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The choice of Atiku Abubakar, the former Vice President of Nigeria as the consensus candidate to represent Northern interests in the contest for the presidential ticket of the Peoples Democratic Party (PDP) raises a number of vital issues in the political arena.

As the man whose mandate was unfairly blocked by President Obasanjo in an onslaught of political bitterness after he failed in his bid to manipulate a third term in office for himself, Atiku appeared to have been relegated to the political wilderness for some years. Apart from the fact that he was virtually thrown out of the ruling party his temporary sojourn in the major opposition party the Action Congress (AC) was never regarded as a genuine transformation of his strategic interests since the PDP remained ascendant in his home state as well as in the centres of power of his geo-political region.

As a result it was clear that he only joined the opposition in order to retain some relevance in the polity as he plotted for a return to power through the party that he had helped to create. His emergence as the consensus challenger is therefore a vindication of his strategic cause although it is coming at a time when installing a regional consensus might generate division instead of promoting national harmony.

The restoration of Atiku Abubakar's opportunity to contest the presidency under the ruling party's ticket is therefore a burden and a challenge for him. He must present himself to the entire nation as a genuine patriot even while acknowledging that his selection is based on the principle of regional aggrandisement. This is a dilemma but not an insurmountable one for a politician as resilient as Atiku has shown himself to be so far. He has kept his political team together with remarkable equanimity in spite of the travails that he encountered in his battle with his former boss and this appears to be paying off for him now.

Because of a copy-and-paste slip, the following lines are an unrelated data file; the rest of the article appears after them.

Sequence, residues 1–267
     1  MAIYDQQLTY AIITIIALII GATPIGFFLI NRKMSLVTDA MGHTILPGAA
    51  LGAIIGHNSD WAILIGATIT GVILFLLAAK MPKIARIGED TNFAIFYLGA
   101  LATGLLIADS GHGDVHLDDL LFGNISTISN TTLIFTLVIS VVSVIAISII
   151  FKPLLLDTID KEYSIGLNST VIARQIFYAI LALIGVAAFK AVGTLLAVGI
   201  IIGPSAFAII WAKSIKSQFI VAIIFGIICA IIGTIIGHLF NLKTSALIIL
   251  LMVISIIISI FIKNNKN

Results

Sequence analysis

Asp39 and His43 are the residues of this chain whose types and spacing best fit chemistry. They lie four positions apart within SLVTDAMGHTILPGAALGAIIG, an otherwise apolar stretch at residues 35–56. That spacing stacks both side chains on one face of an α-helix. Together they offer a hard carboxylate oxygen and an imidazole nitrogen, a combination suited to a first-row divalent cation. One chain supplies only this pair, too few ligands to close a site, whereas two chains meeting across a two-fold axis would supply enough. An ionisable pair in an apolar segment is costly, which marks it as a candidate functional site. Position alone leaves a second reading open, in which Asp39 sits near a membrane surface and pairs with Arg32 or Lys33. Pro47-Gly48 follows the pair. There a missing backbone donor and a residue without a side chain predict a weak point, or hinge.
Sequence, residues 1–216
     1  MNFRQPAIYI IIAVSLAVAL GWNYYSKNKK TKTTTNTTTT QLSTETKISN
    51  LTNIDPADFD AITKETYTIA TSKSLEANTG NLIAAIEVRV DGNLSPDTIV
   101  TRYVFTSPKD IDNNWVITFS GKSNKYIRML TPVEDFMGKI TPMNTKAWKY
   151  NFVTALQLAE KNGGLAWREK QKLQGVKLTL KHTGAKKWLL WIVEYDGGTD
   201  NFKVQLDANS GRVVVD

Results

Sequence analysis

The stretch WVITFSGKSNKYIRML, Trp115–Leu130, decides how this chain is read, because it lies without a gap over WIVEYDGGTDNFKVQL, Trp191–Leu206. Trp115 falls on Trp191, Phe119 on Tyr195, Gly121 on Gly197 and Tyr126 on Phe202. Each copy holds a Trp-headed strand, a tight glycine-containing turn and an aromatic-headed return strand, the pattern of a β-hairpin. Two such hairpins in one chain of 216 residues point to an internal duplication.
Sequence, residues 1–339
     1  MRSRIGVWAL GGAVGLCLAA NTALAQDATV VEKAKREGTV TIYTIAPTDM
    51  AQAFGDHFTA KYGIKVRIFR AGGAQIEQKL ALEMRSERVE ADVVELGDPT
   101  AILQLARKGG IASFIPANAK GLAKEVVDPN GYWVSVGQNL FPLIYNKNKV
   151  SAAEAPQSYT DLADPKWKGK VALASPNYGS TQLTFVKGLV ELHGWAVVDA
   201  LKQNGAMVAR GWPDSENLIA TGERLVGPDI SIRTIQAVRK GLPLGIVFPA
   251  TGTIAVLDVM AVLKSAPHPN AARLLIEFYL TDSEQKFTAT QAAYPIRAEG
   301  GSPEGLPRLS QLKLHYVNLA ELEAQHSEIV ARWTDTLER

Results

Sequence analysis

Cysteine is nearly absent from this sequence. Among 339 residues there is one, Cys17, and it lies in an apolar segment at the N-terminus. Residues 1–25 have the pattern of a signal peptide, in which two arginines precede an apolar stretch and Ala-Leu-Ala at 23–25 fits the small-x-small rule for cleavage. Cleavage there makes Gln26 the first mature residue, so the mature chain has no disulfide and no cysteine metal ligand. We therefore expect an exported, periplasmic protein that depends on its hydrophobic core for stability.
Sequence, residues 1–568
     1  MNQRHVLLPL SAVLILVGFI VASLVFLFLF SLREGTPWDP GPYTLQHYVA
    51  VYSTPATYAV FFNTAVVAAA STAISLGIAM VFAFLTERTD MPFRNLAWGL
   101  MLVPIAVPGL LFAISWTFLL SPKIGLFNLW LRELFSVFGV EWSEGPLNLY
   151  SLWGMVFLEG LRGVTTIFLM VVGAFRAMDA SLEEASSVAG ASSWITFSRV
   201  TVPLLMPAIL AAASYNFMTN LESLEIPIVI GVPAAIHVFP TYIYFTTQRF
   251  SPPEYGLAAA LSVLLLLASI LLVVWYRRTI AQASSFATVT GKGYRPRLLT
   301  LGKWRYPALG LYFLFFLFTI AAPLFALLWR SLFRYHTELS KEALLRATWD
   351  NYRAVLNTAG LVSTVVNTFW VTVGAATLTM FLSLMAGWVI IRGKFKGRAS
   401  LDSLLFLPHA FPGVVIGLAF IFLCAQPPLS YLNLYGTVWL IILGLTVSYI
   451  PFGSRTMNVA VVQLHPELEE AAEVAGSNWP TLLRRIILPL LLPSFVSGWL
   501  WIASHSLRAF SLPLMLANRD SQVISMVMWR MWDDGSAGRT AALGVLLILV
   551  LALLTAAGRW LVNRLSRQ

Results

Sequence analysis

Travelling around the country it has become obvious that Atiku Abubakar is beginning to build a nationwide structure. The nature and spread of his campaign billboards indicate that although his candidacy might represent the sentiments of resurgent Northern political chauvinism he is also considering the imperatives of national acceptability. To this end more than almost any other aspirant among the four key Northern challengers in the PDP Atiku Abubakar has emphasised not the general regional imperative but his personal political antecedents. He has portrayed his ambition as being the continuation of a reality that had been interrupted by irregular action on the part of the former President Olusegun Obasanjo.

This argument cannot really be faulted because there is a widespread belief, not only in the North but throughout the nation, that if the late President Yar'Adua had not been personally selected and imposed on the party by ex-President Obasanjo then Atiku Abubakar might have emerged in 2006 as the popular choice to fill the position zoned to his geo-political constituency at that time.

Based on this argument his emergence as the preferred Northern aspirant this time around could be seen as a resolution of the burning issue of whether genuine national leadership can emerge from that region. It remains to be seen whether the criteria for this choice established by the elite Northern Political Leaders Forum (NPLF) will be vindicated at the polls by popular public approbation. However even if the results that emanate from polls in the North justifies his re-emergence Atiku Abubakar cannot ignore the need to build a national consensus in order to validate the regional consensus that he now represents if the mandate is to be relevant to modern political realities in Nigeria today.